Scholastic Kids Press Corps
The Scholastic Kids Press Corps is a team of about 50 Kid Reporters around the nation.  The interactive site brings daily news to life with reporting for kids, by kids.
john gregg and mike pence indiana governor race 2012 Gubernatorial candidates Democrat John Gregg, left, and Republican Mike Pence participate in a debate in South Bend, Indiana, on Wednesday, Oct. 17, 2012. (Photo: AP Photo/Michael Conroy)

Election 2012: The Hoosier Hot Seat

The Indiana Governor race is an election to watch

By Grace Ybarra | null null , null

This year, the Indiana Governor race is being watched very closely. This is because Indiana has become an even bigger part of the national political conversation. Indiana has traditionally been viewed as a Republican state. But in 2008 it voted Democratic during the presidential race and helped elect Barack Obama President.

After serving two terms as Indiana's Governor, Mitch Daniels will be assuming the role of President at Purdue University in West Lafayette, Indiana. This leaves the position open for two native Hoosiers: Republican Mike Pence and Democrat John Gregg.

Both have their reasons for wanting to be Indiana's next Governor.

"I am running for Governor because I love the state, there is nowhere in Indiana I don't feel at home," Pence told the Kids Press Corps. "As a life-long Hoosier, I can think of no higher honor or privilege than serving as governor of Indiana."

Gregg has a different reason for wanting to be elected as Governor.

"I am running for Governor because I believe I have some skills and some abilities that are clearly needed," Gregg told the Kids Press Corps. "Throughout the things that I have done, I have been able to bring people together."

Congressman Pence of Columbus, Indiana, has some very specific plans for Indiana, if he's elected. One of area of particular focus will be to make sure every Hoosier gets the education needed.

"I believe the way that we can accomplish that despite continuing to give students and parents more choices in education, particularly underprivileged kids, is by focusing on giving teachers more freedom and really by finding ways to fund excellence in education so that our best schools and our best teachers are recognized," Pence said.

While Gregg values education, he thinks that it is important to have a Governor that spends most of his time in Indiana and learn what Hoosiers need while doing that.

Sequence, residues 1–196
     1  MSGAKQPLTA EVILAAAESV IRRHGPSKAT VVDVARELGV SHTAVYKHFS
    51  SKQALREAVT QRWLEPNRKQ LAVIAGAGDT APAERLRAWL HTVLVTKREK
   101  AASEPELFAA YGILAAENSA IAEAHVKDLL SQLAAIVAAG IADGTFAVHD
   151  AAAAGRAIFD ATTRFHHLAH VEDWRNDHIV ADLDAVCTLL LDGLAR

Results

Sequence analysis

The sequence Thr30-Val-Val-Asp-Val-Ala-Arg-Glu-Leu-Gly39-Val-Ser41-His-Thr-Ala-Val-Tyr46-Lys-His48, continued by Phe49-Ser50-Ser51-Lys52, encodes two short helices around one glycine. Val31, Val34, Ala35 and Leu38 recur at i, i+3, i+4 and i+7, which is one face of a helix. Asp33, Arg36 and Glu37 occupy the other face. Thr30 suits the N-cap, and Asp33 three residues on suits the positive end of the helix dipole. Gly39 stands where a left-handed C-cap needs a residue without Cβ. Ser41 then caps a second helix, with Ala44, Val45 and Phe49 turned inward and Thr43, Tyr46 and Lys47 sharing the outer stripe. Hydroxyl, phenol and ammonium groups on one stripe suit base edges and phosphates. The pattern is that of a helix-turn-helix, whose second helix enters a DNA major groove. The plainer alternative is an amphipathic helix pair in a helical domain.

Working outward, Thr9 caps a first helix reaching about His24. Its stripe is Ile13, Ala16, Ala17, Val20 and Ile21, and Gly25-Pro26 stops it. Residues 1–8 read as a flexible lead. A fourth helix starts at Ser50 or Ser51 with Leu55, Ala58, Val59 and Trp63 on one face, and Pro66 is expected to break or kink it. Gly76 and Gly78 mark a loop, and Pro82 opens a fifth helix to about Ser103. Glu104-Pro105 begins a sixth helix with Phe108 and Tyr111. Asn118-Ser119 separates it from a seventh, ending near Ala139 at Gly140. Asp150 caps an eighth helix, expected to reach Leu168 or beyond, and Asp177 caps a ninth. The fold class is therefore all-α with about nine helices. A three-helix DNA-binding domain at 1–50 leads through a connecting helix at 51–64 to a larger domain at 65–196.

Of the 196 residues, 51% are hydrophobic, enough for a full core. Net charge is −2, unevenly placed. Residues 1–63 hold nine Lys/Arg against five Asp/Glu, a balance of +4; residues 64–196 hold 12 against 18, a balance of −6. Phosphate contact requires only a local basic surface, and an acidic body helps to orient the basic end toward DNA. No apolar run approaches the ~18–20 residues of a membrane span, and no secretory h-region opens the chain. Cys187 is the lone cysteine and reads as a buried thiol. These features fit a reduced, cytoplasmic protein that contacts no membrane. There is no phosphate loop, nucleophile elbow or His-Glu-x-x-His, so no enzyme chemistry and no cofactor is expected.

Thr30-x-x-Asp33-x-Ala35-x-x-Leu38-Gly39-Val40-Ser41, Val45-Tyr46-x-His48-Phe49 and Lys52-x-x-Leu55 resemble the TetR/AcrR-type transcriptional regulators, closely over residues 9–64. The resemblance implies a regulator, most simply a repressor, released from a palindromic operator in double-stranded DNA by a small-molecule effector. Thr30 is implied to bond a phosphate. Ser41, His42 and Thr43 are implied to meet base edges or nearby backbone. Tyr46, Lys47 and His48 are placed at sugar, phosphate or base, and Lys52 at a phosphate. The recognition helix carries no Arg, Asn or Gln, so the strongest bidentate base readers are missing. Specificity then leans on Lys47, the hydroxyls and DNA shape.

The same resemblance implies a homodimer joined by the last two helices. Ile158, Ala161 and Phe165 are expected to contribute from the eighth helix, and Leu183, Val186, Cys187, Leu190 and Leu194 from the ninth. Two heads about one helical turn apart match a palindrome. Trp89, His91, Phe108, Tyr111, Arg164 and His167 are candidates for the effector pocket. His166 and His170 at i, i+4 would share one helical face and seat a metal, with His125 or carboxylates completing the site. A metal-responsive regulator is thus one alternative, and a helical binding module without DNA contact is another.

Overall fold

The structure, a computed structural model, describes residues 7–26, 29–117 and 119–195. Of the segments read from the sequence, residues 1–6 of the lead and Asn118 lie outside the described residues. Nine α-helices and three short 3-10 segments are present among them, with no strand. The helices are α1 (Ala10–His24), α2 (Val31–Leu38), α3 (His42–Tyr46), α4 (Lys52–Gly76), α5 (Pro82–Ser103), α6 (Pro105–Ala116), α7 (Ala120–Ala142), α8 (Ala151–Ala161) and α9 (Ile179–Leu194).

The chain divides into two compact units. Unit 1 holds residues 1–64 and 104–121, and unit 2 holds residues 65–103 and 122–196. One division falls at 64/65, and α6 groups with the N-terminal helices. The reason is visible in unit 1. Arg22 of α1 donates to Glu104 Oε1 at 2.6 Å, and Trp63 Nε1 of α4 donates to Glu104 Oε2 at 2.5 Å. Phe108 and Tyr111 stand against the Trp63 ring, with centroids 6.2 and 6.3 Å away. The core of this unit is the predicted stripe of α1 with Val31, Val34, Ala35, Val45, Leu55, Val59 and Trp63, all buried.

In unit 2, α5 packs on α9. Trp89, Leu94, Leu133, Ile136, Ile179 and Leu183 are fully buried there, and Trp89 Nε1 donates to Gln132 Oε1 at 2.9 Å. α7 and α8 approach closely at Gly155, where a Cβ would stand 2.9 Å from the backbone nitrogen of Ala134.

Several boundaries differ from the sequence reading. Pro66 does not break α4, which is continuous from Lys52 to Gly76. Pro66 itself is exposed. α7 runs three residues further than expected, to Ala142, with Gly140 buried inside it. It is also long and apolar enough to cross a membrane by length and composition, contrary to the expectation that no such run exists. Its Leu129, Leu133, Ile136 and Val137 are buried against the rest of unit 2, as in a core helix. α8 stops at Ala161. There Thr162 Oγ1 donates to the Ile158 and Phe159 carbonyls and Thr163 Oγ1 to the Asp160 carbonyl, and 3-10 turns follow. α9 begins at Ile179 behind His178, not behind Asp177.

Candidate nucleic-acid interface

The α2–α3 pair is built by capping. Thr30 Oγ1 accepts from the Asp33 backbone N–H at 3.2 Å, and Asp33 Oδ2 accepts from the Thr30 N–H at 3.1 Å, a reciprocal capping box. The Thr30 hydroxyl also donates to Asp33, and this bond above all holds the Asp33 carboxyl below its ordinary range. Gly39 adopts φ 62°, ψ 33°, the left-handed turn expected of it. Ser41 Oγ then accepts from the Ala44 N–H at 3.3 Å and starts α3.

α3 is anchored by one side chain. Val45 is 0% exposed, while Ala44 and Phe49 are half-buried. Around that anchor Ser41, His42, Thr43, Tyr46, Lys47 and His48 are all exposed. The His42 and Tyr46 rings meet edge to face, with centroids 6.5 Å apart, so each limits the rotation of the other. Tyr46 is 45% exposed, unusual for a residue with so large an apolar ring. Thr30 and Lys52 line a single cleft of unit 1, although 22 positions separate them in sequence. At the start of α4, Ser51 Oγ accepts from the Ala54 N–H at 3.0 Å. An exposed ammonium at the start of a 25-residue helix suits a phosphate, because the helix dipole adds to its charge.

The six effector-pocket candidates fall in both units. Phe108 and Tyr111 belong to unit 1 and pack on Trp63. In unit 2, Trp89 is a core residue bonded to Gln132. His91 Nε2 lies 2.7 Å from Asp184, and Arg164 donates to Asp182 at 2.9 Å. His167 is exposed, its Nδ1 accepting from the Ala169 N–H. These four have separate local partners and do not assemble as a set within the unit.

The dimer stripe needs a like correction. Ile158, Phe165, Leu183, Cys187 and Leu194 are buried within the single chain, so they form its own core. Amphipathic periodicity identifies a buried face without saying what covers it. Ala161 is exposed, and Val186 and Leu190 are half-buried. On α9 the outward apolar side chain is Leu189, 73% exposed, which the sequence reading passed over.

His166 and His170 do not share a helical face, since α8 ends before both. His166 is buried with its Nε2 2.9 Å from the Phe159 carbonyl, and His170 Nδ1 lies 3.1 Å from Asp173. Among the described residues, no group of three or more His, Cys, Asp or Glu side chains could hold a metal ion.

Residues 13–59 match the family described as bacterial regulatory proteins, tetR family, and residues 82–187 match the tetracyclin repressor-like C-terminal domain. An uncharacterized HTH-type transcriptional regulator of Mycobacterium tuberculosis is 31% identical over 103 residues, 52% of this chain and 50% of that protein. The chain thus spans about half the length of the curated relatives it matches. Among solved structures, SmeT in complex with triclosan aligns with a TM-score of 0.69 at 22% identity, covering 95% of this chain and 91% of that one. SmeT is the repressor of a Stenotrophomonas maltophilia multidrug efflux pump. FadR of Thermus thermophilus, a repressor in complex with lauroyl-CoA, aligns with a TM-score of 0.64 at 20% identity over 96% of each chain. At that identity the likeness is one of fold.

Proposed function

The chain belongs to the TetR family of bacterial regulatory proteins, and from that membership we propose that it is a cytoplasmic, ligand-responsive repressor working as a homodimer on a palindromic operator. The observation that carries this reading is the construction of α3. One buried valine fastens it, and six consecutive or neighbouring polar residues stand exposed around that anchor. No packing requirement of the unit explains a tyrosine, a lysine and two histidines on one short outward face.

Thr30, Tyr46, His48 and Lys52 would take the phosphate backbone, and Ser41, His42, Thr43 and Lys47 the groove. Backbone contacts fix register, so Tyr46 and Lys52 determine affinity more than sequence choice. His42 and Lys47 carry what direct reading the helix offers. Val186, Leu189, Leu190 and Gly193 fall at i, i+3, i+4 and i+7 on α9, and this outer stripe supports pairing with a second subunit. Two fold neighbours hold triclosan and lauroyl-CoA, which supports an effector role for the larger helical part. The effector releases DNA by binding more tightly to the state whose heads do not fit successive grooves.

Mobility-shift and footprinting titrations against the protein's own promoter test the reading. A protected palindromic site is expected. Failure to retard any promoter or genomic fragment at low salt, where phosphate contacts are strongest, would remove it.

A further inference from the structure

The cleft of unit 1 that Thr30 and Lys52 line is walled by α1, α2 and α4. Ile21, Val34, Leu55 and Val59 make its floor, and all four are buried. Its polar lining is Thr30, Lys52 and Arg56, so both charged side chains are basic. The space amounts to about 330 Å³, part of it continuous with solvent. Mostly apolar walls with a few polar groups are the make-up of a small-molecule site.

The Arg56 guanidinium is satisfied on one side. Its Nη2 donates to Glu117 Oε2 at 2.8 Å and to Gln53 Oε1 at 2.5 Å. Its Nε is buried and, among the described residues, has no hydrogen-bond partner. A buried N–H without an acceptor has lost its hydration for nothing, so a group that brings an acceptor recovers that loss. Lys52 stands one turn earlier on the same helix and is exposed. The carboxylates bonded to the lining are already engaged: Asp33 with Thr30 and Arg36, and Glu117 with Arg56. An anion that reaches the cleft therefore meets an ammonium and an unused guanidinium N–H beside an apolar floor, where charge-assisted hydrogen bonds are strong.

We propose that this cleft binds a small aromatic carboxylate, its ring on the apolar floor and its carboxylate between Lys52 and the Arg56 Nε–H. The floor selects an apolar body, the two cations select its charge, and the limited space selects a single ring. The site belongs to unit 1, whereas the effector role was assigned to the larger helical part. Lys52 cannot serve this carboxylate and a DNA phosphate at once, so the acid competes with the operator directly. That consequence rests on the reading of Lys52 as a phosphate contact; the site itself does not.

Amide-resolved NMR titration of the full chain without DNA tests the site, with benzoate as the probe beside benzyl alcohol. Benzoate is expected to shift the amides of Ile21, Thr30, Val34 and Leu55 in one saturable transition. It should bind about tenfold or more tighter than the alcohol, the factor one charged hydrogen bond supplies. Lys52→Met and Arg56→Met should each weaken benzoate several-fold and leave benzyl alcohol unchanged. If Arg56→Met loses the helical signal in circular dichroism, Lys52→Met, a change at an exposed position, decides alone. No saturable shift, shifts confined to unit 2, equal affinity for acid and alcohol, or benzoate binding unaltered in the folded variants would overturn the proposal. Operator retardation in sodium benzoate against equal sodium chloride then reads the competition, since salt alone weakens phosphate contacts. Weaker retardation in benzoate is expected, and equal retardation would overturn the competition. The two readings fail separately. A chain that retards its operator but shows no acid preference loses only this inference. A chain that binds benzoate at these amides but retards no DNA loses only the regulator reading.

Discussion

"I have lived in Indiana. I have been here all of my life," Gregg said. "I haven't been living on the East Coast in Virginia for the past 12 years, and I think that Hoosiers want a Hoosier representative."

But one of Indiana's primary issues is health care, which Pence believes will be improved if he were to become Governor. Many Hoosiers who do not have health care could have better medical treatment. Some deaths that should not have occurred happened to people without health care.

"There is no higher priority than making sure that we promote the health, safety and well being of Hoosier families, especially children," said Pence.

Gregg emphasizes making sure Indiana is a great place for farmers and believes this position makes him more relatable to the average Indiana citizen.

"We live on a farm and one of my sons is at Vincennes University earning his degree in agriculture," Gregg said.

The outcome of this election will provide Indiana with new leadership, and could potentially impact the presidential election.

"When I was growing up, I started to get interested in government and politics when I was an early teen," said Pence. "I encourage every young person in Indiana to do the same."

This is a point both candidates have in common. Both men want kids to take action in politics and believe it sets a foundation for the future.

"It is important for kids to take an interest in politics at an early age so they become involved when they are older," concluded Gregg.


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